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Clinton Loss Would Hobble Gun Reform, Says Connecticut Senator

If Donald Trump wins, it will be a pretty dramatic setback’

From Time — Con­necti­cut Sen. Chris Mur­phy does not shy away from the fact that guns on are on the nation­al bal­lot this Novem­ber.

If Don­ald Trump wins, it will be a pret­ty dra­mat­ic set­back,” says Mur­phy, who has emerged as the Demo­c­ra­t­ic Party’s most vocal cham­pi­on of new gun reg­u­la­tion. “Not just because how ter­ri­ble he’ll be on the issue, but the fact that a pres­i­den­tial can­di­date who ran ask­ing for a man­date on guns lost.”

For Mur­phy, the fight is per­son­al. He had just been elect­ed to the Sen­ate in 2012 when word arrived that there had been an inci­dent at an ele­men­tary school in his House dis­trict. The Sen­a­tor-elect watched in hor­ror as New­town, Conn., became the site of the dead­liest mass school shoot­ing in U.S. his­to­ry.

Mur­phy, an earnest leg­is­la­tor who first won elec­tion at age 25, want­ed to know what he and oth­er law­mak­ers could do to help fam­i­lies who were affect­ed by the scene unfold­ing at Sandy Hook Ele­men­tary School, and how he might pre­vent sim­i­lar future inci­dents. His efforts, the Demo­c­rat acknowl­edged over a break­fast inter­view with TIME this week, were per­haps ahead of their time, if not pre­ma­ture.

Sandy Hook was so cataclysmic—was so out­side of the norm—that people’s reac­tion was all about sim­ply fig­ur­ing out how to process it, how to rec­on­cile that lev­el of evil,” Mur­phy said dur­ing a can­did con­ver­sa­tion on Aug. 17. “They were try­ing to rec­on­cile how Sandy Hook could exist in a civ­i­lized world.” No dis­cus­sion of pol­i­cy or pol­i­tics, he said, could break through the dis­be­lief roil­ing his con­stituents, his col­leagues and the nation, no mat­ter how much he saw a chance to do good.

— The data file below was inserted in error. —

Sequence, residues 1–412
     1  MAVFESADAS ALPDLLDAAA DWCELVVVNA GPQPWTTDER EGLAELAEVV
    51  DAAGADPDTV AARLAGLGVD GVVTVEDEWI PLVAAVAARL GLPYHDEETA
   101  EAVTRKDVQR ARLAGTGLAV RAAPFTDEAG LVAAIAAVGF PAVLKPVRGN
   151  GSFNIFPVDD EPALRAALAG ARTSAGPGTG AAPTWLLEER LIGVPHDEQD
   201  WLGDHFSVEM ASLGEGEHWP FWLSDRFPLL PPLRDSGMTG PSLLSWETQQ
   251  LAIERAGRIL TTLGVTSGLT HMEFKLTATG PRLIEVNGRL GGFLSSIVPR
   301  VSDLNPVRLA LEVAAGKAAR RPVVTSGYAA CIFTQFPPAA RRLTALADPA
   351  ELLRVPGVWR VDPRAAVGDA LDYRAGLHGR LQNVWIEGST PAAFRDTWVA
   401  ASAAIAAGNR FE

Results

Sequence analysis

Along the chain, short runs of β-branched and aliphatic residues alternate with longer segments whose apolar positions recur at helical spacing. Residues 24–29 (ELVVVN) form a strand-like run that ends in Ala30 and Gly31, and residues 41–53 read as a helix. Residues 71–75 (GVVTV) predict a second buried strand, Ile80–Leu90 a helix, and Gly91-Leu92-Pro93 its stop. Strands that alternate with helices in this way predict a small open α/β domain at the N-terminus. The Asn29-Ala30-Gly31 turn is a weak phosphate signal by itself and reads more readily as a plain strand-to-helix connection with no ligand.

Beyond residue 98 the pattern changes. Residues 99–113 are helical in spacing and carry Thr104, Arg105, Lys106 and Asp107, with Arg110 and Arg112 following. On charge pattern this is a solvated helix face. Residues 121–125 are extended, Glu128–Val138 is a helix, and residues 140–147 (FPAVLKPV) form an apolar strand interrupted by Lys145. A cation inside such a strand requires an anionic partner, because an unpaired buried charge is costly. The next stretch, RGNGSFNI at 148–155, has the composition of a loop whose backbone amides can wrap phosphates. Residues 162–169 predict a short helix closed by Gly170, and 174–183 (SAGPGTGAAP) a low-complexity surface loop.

His ensu­ing efforts came up in defeat large­ly at the hands of the Nation­al Rifle Asso­ci­a­tion. Mur­phy is now eye­ing action in 2017, which he hopes will be achieved by a Demo­c­ra­t­ic Par­ty-led Sen­ate, if com­rades can pick up a net six Sen­ate seats, and cham­pi­oned by Hillary Clin­ton, who is the most stri­dent­ly pro-gun-con­trol pres­i­den­tial nom­i­nee ever. “We have had time now, and a nev­er-end­ing trend line of mass atroc­i­ties, to think about how pol­i­cy can change to make this less like­ly,” Mur­phy said as he picked at smoked salmon on a bagel.

Pub­lic opin­ion, at the moment, is on Murphy’s side, at least for incre­men­tal changes to the nation’s rules for buy­ing guns. Vot­ers seem to favor poli­cies he is push­ing: back­ground checks, lim­its on online sales, mea­sures to keep sus­pect­ed ter­ror­ists from buy­ing a gun at Wal-Mart. Pol­i­tics, how­ev­er, is iffy. “I’m not sure that our move­ment is ready yet to beat the gun lob­by,” he said, using the poll­ster-craft­ed ref­er­ence to the NRA. “I’m not sure that we’re strong enough. I’m not sure that we’re big enough. I don’t want to over-state the move­ment.”